West Wing Tour
Tour the West Wing
Letter from the President
It is my pleasure to welcome you to the West Wing of the White House. In 1902, President Theodore Roosevelt relocated his office from the second floor of the residence to this newly constructed building. The West Wing has expanded and undergone several renovations since then, but it has remained the official workplace of the President.
President Thomas Jefferson first opened the White House for public tours because he understood then, as we do now, that this house belongs to the American people. I am proud to continue his tradition. In our country, the halls of government are not reserved for a privileged few, and the President’s workplace should be no exception. Your visit today helps to fulfill my goal of creating the most open and accessible administration in American history.
Once again, welcome to the West Wing, and please accept my best wishes for an enjoyable tour.
West Wing Map
Navy Stewards have provided food service to the Commander in Chief since 1880. The modern White House Navy Mess was established under President Harry S. Truman in 1951. The Navy’s culinary specialists prepare and serve fine foods in the West Wing.
Seated reservations are available to senior officials including commissioned officers, Cabinet Secretaries, and their guests. Staff located in the West and East Wing can enjoy food made in the Navy Mess from a take-out window located adjacent to the dining hall.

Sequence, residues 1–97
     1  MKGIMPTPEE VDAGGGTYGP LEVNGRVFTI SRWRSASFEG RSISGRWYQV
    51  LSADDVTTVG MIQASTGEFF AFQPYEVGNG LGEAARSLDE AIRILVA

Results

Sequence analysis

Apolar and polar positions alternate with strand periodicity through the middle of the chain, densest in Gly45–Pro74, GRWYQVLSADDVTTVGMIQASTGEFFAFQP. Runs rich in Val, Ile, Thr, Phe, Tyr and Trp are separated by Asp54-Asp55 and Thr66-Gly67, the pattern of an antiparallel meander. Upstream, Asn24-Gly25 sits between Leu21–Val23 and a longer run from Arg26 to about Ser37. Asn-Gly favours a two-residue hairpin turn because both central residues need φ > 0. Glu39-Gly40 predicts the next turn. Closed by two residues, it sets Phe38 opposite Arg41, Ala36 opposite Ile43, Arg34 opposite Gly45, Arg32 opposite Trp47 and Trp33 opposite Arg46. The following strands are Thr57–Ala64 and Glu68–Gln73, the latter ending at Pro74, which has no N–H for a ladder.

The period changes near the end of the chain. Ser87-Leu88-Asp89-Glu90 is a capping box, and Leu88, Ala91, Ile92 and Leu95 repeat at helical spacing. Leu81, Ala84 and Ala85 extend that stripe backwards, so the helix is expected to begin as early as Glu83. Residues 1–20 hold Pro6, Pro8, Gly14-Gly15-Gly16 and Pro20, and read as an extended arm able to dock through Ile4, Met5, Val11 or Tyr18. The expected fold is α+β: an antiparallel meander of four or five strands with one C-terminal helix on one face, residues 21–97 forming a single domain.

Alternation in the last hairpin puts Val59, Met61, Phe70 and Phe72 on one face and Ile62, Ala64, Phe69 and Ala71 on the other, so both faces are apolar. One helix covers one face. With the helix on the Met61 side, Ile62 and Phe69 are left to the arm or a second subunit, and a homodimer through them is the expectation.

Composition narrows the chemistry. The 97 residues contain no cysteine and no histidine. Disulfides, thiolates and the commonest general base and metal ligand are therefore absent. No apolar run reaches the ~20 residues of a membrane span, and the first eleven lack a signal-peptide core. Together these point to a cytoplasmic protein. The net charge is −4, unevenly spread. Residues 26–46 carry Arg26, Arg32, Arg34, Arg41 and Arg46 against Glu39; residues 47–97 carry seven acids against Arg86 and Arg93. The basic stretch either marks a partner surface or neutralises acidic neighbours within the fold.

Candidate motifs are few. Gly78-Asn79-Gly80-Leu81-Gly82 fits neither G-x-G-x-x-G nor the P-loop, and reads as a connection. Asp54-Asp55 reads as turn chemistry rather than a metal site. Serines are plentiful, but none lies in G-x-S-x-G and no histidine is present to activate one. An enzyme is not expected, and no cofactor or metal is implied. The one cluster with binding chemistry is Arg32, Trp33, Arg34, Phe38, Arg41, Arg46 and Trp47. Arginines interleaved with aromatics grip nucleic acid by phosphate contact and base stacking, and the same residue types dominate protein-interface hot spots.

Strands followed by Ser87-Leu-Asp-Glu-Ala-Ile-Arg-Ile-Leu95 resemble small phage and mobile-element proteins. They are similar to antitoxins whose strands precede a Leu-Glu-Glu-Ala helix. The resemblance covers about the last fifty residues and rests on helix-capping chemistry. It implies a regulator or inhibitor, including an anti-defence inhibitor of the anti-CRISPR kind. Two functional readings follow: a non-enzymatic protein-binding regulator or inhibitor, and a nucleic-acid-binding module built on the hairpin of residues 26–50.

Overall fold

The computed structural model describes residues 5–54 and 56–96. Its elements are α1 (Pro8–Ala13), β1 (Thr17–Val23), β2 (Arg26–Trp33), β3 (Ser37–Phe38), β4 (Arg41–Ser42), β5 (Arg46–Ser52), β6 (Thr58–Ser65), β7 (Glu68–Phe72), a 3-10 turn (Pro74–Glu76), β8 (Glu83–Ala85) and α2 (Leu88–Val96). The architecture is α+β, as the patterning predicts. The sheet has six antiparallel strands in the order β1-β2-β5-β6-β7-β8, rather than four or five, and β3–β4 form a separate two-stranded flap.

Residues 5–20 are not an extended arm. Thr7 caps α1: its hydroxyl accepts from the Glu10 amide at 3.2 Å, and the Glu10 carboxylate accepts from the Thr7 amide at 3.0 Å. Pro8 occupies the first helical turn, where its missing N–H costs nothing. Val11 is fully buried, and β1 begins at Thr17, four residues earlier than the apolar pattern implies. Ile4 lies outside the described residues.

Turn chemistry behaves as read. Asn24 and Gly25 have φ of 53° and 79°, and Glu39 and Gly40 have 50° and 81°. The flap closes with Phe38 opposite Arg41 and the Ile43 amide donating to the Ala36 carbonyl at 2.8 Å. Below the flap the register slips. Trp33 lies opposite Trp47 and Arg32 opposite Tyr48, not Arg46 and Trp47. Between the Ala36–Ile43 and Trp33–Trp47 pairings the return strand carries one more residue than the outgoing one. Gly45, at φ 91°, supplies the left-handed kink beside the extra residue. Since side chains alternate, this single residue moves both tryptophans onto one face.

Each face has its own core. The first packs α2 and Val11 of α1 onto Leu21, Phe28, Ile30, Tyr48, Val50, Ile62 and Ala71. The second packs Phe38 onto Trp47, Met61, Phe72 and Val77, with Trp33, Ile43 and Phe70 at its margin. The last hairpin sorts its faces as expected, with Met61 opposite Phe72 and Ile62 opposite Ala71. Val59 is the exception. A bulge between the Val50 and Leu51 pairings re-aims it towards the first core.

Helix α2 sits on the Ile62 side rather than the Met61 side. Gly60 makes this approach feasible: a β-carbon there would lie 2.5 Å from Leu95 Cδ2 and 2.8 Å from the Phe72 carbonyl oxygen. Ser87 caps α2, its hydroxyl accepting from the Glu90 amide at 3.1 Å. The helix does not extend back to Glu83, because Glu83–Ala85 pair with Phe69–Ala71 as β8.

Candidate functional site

Months after being sworn into office, President John F. Kennedy was confronted with the Bay of Pigs Invasion in Cuba and insisted that intelligence information feed directly into the White House. The Situation Room was established in 1961 to meet President Kennedy’s request.
The current “Sit Room” is a 5,000-square-foot complex of rooms that is staffed 24 hours a day, seven days a week to monitor national and world intelligence information. Televisions for secure video conferences and technology can link the President to generals and world leaders around the globe.
Also known as the “45 second commute,” the West Colonnade was built for Thomas Jefferson to run alongside service spaces underneath the West Terrace, such as the ice house and storage rooms for coal and wood. The open columned walkway is now used by the President and his staff to travel between the West Wing and the Executive Residence.
Rose Garden & South Lawn
The Rose Garden was created by First Lady Ellen Axson Wilson in 1913. It was redesigned by First Lady Jacqueline Kennedy to serve as a Presidential reception area. President Nixon’s daughter, Tricia Nixon Cox, was married here in 1971.
The South Lawn is the site of the President’s Marine One arrivals and departures and includes the White House tennis court, putting green, and, as of March 2009, a kitchen garden. The White House Kitchen Garden includes over 50 kinds of vegetables, as well as berries, herbs, and a beehive.
In the Cabinet Room, the President meets with the Cabinet Secretaries, members of Congress, the National Security Council, and foreign Heads of State on topics ranging from energy efficiency to national security.
When the President meets around the large mahogany table with the Cabinet Secretaries, each is assigned a chair based on the date their department was established with the oldest Cabinet departments seated closest to the center. The President sits at the center of the table with his back to the Rose Garden doors and opposite the Vice President.
As a reflection of their inspiration and governing style, Presidents select the portraits that hang in the Cabinet Room. In May 2009, President Obama chose Frank O. Salisbury’s portrait of President Harry S. Truman to join the portraits of George Washington, Thomas Jefferson, and Theodore Roosevelt already displayed in the room.
As the official office of the President and his primary place of work, the Oval Office provides the President with easy access to his senior advisors and the Executive Residence.